We often think of pension schemes as huge things, like the British Airways or Lloyds Bank schemes, but the great majority of schemes in this country are quite small. My amendment sets the quite arbitrary figure of £500 million in assets under management, a figure below which the onerous requirements of the amendments put forward in the Bill would not apply. That does not mean that I think small schemes should be exempted from any social concerns. Most of my advice is based on advising small schemes to go into asset tracking, because the evidence, of which there is now a lot, is that active management costs a lot and does not work. The sensible thing, particularly for a small scheme, is therefore to invest in index trackers.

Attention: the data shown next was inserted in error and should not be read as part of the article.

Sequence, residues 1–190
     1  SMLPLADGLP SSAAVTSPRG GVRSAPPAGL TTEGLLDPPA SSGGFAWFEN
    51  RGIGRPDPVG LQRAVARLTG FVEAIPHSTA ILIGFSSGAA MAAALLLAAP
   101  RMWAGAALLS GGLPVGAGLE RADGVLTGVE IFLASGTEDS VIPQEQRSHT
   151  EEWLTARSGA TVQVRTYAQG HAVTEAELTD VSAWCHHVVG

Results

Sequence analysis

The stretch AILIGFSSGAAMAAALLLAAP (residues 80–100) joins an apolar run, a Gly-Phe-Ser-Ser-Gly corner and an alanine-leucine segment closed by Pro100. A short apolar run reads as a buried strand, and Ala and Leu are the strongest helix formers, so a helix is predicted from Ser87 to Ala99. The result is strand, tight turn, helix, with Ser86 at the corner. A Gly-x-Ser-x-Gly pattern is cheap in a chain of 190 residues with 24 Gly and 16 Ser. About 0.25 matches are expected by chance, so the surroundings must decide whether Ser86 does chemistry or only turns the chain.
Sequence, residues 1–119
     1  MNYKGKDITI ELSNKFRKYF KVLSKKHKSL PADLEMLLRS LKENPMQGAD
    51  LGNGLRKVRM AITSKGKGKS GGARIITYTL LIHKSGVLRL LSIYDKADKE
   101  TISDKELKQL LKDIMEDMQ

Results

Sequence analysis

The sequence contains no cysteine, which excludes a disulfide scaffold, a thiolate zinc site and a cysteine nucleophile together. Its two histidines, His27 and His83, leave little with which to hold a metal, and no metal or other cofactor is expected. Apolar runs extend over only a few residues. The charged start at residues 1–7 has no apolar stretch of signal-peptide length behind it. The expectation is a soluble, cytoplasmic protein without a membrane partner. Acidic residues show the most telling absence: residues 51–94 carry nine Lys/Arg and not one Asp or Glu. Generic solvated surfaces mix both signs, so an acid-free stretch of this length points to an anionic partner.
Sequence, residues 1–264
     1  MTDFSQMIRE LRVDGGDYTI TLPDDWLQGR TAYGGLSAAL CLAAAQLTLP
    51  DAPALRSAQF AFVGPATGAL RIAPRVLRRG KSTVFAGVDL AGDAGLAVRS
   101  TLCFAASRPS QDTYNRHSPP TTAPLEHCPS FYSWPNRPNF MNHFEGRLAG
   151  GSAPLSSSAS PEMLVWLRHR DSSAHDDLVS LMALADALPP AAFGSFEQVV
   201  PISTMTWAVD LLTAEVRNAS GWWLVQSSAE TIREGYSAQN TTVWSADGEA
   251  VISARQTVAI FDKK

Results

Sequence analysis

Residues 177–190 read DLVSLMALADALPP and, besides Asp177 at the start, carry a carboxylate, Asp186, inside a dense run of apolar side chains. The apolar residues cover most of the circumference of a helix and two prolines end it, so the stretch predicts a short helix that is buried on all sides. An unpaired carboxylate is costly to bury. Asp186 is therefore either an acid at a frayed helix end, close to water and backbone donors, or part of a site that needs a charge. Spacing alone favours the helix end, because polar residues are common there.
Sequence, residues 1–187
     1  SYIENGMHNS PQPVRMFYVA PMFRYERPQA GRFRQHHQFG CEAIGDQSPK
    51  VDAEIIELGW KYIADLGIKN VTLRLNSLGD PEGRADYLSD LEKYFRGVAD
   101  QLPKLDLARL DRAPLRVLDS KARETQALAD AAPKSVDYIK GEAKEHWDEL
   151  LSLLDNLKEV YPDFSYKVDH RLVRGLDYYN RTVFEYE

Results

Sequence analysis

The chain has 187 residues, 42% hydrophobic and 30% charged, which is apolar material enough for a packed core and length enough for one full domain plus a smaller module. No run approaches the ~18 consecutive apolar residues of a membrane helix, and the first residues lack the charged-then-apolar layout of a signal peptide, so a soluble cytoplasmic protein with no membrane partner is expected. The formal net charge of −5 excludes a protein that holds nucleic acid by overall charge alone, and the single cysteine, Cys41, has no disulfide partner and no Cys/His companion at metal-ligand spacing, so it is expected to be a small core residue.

However, being an index tracker does not mean that you cannot have social responsibility. There are index trackers that follow the UN principles of responsible investment, and there are others. We are concerned in this Bill particularly with the environment; I personally am concerned with schemes that follow the principles of the ILO. It is fine to have a scheme which invests in a company that has many trees in its garden that workers paid low wages for long hours can shelter under, but there are many things in this world to concentrate on other than just the environment—I do not want to detract from that, but we need a broader set of principles.
Norway, which has the biggest public scheme in the world, has an ethics committee that looks right across the investment market and advises the Norwegian Government and the scheme on what sort of investment should be avoided. Within the past few days, it has identified as not fit for investment companies that make what are called “autonomous weapons”—in other words, killer robots. So, there are many areas where we need to look carefully at what sort of investments we make.